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salvation of a saint

9 september 2018

In Keigo Higashino's Malice, we are shown a man finding the body of a murder victim, but quickly learn that nothing about that discovery was accidental, or even accurate. In Higashino's Devotion of Suspect X, we are shown murder itself, and quickly learn that nothing about what we've just seen can be trusted. In Salvation of a Saint we see a woman plan a murder, we see the murder come off and the outline of the body on the floor as the forensics team potters around the house … and by this point, if we are Higashino fans, we know that nothing can have happened as it seems.

Salvation of a Saint is slighter than its predecessors, though, more of a strict geometric puzzle. Once again, the physicist Yukawa plays Sherlock Holmes to his police-detective friend Kusanagi's baffled Lestrade. Kusanagi is assisted by a new sidekick, Utsumi, who adds a woman's perspective to the investigation.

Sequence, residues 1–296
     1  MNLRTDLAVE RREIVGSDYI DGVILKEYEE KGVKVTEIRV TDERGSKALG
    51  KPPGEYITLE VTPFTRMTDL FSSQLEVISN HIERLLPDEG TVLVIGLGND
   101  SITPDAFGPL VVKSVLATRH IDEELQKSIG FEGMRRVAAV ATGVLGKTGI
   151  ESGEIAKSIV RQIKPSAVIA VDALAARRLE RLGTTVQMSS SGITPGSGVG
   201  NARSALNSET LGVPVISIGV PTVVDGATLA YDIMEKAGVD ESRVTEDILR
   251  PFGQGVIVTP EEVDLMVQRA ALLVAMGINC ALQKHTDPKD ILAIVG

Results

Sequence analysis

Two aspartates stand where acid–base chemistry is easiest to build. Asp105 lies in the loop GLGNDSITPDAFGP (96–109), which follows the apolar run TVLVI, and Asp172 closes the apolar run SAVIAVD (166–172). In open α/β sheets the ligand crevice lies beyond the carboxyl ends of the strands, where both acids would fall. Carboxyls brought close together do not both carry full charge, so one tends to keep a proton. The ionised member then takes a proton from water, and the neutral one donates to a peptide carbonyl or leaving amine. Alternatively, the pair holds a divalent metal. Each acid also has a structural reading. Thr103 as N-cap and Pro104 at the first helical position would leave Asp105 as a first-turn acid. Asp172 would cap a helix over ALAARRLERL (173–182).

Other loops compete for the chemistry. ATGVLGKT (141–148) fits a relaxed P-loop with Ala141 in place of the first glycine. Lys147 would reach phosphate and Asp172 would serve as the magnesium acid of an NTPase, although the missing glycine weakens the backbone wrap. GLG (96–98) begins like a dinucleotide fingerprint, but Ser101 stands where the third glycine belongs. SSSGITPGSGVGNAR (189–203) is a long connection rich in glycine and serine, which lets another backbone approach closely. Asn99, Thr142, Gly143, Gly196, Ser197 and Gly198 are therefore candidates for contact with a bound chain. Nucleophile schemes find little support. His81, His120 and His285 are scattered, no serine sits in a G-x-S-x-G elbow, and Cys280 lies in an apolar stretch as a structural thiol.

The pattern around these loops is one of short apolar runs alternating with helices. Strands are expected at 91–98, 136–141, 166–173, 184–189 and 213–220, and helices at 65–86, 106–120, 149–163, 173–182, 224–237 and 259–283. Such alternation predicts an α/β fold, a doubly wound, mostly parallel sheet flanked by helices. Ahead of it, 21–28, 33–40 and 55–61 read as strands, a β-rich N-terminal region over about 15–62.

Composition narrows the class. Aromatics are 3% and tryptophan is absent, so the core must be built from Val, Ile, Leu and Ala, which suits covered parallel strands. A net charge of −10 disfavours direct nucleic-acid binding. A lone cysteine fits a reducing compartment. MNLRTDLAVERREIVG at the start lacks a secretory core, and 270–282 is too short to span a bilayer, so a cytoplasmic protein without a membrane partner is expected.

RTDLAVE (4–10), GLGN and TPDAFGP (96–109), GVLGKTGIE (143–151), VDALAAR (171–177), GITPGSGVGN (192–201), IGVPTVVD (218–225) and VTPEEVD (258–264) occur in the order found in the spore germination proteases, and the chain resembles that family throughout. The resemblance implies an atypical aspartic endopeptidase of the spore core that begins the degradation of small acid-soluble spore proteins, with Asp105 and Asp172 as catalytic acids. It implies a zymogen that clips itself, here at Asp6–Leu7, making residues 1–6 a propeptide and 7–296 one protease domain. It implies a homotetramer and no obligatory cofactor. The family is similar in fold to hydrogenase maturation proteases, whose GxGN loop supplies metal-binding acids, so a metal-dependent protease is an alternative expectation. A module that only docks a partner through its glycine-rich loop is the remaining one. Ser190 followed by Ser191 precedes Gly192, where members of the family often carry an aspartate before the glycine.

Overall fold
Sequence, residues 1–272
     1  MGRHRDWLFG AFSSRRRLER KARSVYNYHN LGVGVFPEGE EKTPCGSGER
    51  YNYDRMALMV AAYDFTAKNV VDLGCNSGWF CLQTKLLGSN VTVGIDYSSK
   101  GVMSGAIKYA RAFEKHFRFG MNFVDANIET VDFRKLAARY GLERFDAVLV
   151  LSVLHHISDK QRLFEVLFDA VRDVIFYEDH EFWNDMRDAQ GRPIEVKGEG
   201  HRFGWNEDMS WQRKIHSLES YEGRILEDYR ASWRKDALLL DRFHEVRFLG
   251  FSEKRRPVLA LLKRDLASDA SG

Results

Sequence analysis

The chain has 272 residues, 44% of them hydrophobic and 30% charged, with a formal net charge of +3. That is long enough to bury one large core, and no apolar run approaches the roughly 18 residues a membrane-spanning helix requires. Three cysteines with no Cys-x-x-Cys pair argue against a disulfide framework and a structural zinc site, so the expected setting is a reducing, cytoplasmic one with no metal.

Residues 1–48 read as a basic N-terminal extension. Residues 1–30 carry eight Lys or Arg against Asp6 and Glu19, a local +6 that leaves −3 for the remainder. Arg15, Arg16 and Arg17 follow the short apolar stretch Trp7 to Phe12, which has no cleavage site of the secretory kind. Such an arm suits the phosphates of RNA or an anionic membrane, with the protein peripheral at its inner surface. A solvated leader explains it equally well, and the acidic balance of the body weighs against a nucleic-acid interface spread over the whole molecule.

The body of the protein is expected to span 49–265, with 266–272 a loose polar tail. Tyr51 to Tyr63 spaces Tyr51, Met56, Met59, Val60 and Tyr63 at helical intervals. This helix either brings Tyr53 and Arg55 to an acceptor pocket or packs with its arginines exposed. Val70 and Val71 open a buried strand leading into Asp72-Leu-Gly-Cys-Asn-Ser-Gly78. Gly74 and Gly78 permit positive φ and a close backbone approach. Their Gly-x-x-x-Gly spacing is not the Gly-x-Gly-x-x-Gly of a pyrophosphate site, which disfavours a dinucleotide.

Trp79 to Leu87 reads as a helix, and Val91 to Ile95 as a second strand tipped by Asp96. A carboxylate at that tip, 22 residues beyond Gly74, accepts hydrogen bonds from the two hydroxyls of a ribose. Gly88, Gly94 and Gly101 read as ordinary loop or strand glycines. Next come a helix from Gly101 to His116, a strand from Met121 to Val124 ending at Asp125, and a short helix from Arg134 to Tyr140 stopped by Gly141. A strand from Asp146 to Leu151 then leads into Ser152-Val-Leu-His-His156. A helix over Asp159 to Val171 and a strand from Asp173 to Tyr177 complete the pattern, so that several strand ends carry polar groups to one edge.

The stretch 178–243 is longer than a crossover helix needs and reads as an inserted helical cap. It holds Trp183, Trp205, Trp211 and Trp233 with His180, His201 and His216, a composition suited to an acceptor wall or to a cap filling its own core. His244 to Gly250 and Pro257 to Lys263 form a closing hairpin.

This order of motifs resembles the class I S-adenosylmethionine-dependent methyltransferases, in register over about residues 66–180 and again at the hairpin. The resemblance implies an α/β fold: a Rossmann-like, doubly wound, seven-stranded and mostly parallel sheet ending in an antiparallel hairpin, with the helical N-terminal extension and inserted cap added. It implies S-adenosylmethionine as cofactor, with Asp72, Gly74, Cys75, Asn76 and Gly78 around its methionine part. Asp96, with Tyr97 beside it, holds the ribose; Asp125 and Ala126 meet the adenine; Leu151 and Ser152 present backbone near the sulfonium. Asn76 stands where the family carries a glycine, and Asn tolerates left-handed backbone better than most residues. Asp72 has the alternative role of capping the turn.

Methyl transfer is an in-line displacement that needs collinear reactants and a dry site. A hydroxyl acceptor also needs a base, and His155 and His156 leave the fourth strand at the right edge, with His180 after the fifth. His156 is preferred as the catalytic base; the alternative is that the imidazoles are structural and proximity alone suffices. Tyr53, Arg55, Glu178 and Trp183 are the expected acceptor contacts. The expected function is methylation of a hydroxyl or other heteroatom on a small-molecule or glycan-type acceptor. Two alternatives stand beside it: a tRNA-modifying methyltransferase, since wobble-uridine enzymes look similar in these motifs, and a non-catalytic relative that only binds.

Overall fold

Utsumi's perspective is valuable because the killer, Ayane, had every motive to murder her husband. Yoshitaka Mashiba is ostentatiously leaving her for another woman, and not just any woman, but Ayane's own artistic apprentice, Hiromi. Motive, yes: but a complete lack of means or opportunity, and a cast-iron alibi. Cherchez la femme is nevertheless Utsumi's principle, and she provides a necessary counterpoint to Kusanagi, who is somewhat infatuated with the widow/prime-suspect.

The problem boils down to how you murder somebody in Tokyo when you are visiting your parents in Sapporo. As Holmes famously said, "once you eliminate the impossible, whatever remains, no matter how improbable, must be the truth." Yukawa's problem is that the improbable, in this case, is virtually indistinguishable from the impossible.

Higashino Keigo. Salvation of a Saint. 2008. Translated by Alexander O. Smith with Elye Alexander. New York: Minotaur [St. Martin's], 2012.